When this investigation found nothing snarky, gossipy or otherwise untoward, Hayes wrote an article complaining that the emails “showed that there was no discussion among commissioners about either the Jan. 18 meeting or the Jan. 22 firing, nor was there any discussion about Unfug’s status generally via email.”

Perhaps Hayes would like readers to conclude that the absence of talk about Unfug means that there was something afoot so deep and menacing that our county commissioners dared not transmit it via emails.

What will Hayes’ next move be in the saga of Unfug’s firing? Perhaps he will subpoena county commissioners’ text messages. It should be fun to see how he interprets thousands of LOLs, BRBs, LMAOs and the especially crafty RBTLs.

Let it go, guys. Just let it go.


Grand Junction

Volunteering is like filling pockets with sunshine

In response to listening to the broadcast on 97 FM Christian Radio for “Habitat for Humanity,” I couldn’t resist the opportunity for a recommendation.

I recently had done some research in various local and national news articles regarding volunteering, and I’ve come to the conclusion that the impact volunteering has had world wide is astronomical.

I am absolutely privileged and honored to share my experience. I, now more than ever, feel as if I am equal in value to the most prominent movie star, a president or even a queen of a small country.

Volunteers get presidents elected, feed the hungry, prevent wars and fight
them. They house the homeless and clothe the naked, visit prisoners and free them inside their steel bars.

They rebuild the brokenness of poverty, tutor the handicapped and bring about enthusiastic hysteria during Olympic Games…etc. Without them I honestly wondered how the world would survive.

I have volunteered my services off and on since I was 13 in hospitals, churches, prisons, food banks, school, etc. For me, the most profound and significant out of all of them, however, has been where I now volunteer, the “Re-Store” for “Habitat for Humanity.”

It may possibly be because of where I am in my own life’s journey, or that I have grown enough spiritually, emotionally and mentally to appreciate what it means to be a part of something bigger than my own four walls. Something that honestly revolutionizes lives—mine included.

I’ve met two out of more than 500,00 families for whom Habitat has built new homes, and I stand in awe of the “humanity” Habitat represents that shows through the joy of their hearts as new homeowners who are equal in value as others more fortunate.

“It is more blessed to give than to receive.” But, in a selflessness act I have become a bit selfish, because it is I who is blessed. In turn, they have honored and respected me as if I were a queen of a small country, one they were building a castle for. For me, they have.

I have indisputably found my home in the warm, loving environment of the family of Habitat. “You shine your light like a city on a hill…”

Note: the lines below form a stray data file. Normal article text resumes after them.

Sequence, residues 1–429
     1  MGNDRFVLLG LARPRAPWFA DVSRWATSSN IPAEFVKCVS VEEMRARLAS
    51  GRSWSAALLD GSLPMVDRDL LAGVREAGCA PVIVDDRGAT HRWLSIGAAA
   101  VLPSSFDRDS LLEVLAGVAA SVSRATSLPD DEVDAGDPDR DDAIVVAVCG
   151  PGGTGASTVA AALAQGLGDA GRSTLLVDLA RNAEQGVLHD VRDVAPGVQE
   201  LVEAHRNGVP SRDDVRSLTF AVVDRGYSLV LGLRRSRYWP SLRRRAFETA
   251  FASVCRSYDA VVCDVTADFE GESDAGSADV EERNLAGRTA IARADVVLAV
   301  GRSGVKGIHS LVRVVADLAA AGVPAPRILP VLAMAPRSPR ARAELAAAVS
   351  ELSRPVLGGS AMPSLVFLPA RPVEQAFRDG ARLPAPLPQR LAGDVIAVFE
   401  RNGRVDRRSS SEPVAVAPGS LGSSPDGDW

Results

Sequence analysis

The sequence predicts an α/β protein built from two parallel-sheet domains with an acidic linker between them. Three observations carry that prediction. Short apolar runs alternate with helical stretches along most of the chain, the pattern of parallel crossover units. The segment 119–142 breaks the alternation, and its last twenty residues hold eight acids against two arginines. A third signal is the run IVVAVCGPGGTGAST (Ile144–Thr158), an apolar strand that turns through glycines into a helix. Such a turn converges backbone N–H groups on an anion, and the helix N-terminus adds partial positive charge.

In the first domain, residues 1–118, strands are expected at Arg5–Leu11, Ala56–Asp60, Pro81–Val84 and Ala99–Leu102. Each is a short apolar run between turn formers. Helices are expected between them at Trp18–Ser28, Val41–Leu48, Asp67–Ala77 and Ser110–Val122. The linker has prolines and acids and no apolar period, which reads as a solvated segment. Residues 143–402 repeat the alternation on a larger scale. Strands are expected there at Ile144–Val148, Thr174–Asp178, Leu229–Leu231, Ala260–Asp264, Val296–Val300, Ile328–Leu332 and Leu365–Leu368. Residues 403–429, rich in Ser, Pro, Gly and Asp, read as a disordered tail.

If ever find yourself asking about your purpose, go, run and find it in the commitment and dedication of sacrificial service. Volunteer! As for me, I thrive in a Habitat for Humanity as a witness to “pockets full of sunshine”—mine included!


Grand Junction

Politicians must stop spending money they do not have

I’m sure we all got one of those “registered voter” thingies in the mail recently. It’s the one that explains the latest referendum proposal. It sounds to me like another excuse to override TABOR.

It seems our politicians are constantly finding reasons to raise and spend tax money they don’t have. They claim we need those projects now and TABOR prevents that from happening. Well, duh! That’s what TABOR’s supposed to do.

There’s no doubt all those proposed projects would be nice. But, overriding TABOR is just an invitation to do it again and again until they can figure out how to repeal it altogether.

After all, I suspect it’s just “the camel’s nose under the tent,” with the ultimate goal being to eliminate TABOR, allowing them to raise taxes any time without approval. If you can’t afford to build something now, then wait until you can.

It’s the “buy now-pay later” attitude that’s got the national debt all monkeyed up.

For crying out loud, show a little patience. You act like a bunch of little kids sometimes.


Grand Junction

Firing of Chantal Unfug secretive, political

We have been waiting for explanations concerning the firing/resignation of County Administrator Chantal Unfug. Well, I’ve had enough. If Lyle Dechant believes the open meetings laws are obstacles to overcome, we need to see his resignation.

If our county commissioners, all three of them, believe they are above the law, we need to see their resignations.

There is no way to have a public meeting as required by law and the county administrator to not know about it. If these commissioners are found to have deleted emails to protect themselves, I want to see criminal charges.

The truth is, and we all know it, this was political.

Grand Junction

Colorado already has swath of roadless land

David Lien’s letter of Feb. 28 has prompted me to respond with some additional information that he conveniently omitted.

The Federal Register states that in Colorado 4.2 million acres of Forest Service land are already designated as roadless. The website of Canyon Country Wilderness lists 1.2 million acres of BLM land as “largely roadless.”